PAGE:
So there’s this story out there about this couple who are keeping the gender of their baby a secret. They don’t want any of their kids to feel pressured to behave a certain way, like certain toys or identify with a particular gender because of societal pressures. These folks have created quite the buzz on an international scale. I couldn’t turn on the TV or click onto my favorite online news sites yesterday without hearing about them.
My first thought was … wacky, wacky, wackiness! I marveled at all the strangeness this world holds but the more I heard about this couple and the polarizing opinions on their child rearing philosophies the more I gave serious thought to their argument.
I get the parental urge to protect your kid from outside pressures and influences but I also often see parents in a panic to make sure their child identifies with the gender they were born with, like this will somehow save them from having a cross-dressing show girl as a son or a brush cut sporting tomboy as a daughter in the future. I have to tell you, how they play and what they are interested in when they are four rarely indicates what their sexual preference or gender identity will be when they are older.
I have no hang ups with boys playing with dolls or girls playing with trucks. I don’t care if your little guy’s favorite TV show is Angelina Ballerina or if your daughter’s room is decorated with Star Wars and race cars … kids will explore and play without thought or feeling of what belongs to boys and what belongs to girls. They all, boys and girls alike, are drawn to whatever is loud, sparkly, shiny and fun.
My cousin's daughter loved trucks when she was a toddler, now as an eleven year old she could not be more girly. Mischief spent most of his preschool days in a princess dress and playing Barbies with Crafty and he is as rough and tumble as any boy I know. I have a friend whose son BMX raced, played hockey from the age of five and excelled in shop at school. When he was 21 years old he told his mom that he’s gay. What toys your kid plays with, how long they wear their hair or what clothes they want to wear will not predict or influence their future sexuality. Kids are just kids, doing what kids do. They play, explore and learn about their world. That's it, they just want to have fun.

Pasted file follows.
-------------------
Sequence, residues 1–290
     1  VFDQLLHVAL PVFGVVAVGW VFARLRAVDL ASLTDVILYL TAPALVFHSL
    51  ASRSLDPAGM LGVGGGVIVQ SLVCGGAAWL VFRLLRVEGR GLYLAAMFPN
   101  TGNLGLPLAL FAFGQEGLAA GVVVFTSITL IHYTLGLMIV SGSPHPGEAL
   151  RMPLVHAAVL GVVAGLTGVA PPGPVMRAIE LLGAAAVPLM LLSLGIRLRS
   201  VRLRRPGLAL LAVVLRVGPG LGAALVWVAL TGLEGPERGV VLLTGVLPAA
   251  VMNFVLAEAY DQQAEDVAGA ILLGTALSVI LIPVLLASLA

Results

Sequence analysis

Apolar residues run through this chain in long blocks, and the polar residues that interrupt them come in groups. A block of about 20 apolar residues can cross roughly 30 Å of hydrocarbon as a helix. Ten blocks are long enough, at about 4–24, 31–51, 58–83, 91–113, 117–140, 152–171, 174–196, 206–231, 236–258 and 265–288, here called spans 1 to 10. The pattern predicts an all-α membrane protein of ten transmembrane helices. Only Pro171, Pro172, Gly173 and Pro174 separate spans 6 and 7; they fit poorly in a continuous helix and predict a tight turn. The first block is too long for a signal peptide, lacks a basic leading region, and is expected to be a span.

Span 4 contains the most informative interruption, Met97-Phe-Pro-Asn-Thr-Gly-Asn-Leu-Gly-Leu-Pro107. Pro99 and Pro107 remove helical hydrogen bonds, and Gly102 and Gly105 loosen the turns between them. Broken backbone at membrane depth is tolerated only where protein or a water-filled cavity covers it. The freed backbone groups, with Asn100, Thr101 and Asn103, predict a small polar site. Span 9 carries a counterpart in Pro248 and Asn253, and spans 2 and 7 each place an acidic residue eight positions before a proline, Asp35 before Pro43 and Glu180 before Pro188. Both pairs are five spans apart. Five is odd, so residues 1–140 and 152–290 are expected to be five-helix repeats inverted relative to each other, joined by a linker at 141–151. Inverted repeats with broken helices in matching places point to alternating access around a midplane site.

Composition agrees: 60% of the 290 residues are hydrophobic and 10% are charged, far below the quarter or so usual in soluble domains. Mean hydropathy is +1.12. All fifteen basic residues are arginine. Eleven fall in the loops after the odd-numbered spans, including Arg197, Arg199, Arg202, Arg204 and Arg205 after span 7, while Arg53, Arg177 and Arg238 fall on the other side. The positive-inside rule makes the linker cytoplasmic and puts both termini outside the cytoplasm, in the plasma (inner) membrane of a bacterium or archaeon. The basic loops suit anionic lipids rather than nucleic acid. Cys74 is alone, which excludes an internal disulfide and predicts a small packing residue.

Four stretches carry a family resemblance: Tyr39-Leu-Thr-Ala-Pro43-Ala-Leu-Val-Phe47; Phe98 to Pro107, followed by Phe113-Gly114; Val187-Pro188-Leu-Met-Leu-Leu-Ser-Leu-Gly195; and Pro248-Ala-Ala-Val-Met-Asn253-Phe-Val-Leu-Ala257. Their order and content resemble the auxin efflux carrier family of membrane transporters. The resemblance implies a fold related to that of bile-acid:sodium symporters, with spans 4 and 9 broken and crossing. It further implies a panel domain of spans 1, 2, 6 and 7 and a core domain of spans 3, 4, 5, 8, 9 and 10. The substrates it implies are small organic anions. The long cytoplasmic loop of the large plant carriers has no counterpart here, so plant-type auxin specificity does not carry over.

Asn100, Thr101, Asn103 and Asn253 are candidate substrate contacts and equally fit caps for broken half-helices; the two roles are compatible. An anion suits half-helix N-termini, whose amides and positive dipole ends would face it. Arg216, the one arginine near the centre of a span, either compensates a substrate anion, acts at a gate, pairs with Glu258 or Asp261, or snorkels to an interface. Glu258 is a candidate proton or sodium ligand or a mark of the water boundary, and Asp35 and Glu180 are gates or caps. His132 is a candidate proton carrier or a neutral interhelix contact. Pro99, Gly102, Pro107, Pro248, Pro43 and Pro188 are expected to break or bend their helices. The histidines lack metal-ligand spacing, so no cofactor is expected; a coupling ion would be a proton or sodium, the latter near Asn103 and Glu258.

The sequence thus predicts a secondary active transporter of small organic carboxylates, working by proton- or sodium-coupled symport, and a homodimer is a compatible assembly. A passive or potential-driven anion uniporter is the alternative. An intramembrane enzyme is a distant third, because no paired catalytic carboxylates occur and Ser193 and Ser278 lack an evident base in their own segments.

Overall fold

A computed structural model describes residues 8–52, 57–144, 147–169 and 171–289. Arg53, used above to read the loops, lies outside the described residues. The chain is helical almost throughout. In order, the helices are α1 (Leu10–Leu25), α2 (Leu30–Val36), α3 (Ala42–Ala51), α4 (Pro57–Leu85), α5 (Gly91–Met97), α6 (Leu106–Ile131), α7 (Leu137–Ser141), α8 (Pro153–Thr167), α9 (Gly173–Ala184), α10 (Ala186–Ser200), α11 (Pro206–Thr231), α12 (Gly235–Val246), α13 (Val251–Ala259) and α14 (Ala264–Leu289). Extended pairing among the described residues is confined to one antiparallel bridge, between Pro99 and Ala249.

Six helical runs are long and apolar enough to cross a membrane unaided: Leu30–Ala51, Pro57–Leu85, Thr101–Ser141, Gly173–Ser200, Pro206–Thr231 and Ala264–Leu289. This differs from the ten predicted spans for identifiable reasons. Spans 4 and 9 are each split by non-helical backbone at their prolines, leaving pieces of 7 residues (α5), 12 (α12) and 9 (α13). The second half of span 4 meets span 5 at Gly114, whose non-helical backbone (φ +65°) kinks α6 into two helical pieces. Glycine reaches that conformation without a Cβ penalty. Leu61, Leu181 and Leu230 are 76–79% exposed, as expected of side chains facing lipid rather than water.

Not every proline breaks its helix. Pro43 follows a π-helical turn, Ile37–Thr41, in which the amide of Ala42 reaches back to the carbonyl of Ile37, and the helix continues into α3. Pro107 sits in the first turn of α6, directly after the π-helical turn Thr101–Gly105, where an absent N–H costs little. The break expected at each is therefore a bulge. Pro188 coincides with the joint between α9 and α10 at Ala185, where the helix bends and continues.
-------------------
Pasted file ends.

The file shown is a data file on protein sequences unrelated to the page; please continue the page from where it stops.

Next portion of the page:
I think it matters less what gender your kid identifies with when they are older, or what sexual preference they have, than the kind of person they turn out to be. This is just me, and my soapbox rant for the day, but seriously … gender pressure in a toddler? Let’s focus on things that really matter, let’s concentrate on raising good, kind and compassionate people, let's teach them how to be accepting, inclusive and empathetic now … all the rest will sort itself out, no matter how we fret and plan.
We worry about what a child will become tomorrow, yet we forget that he is someone today. ~Stacia Tauscher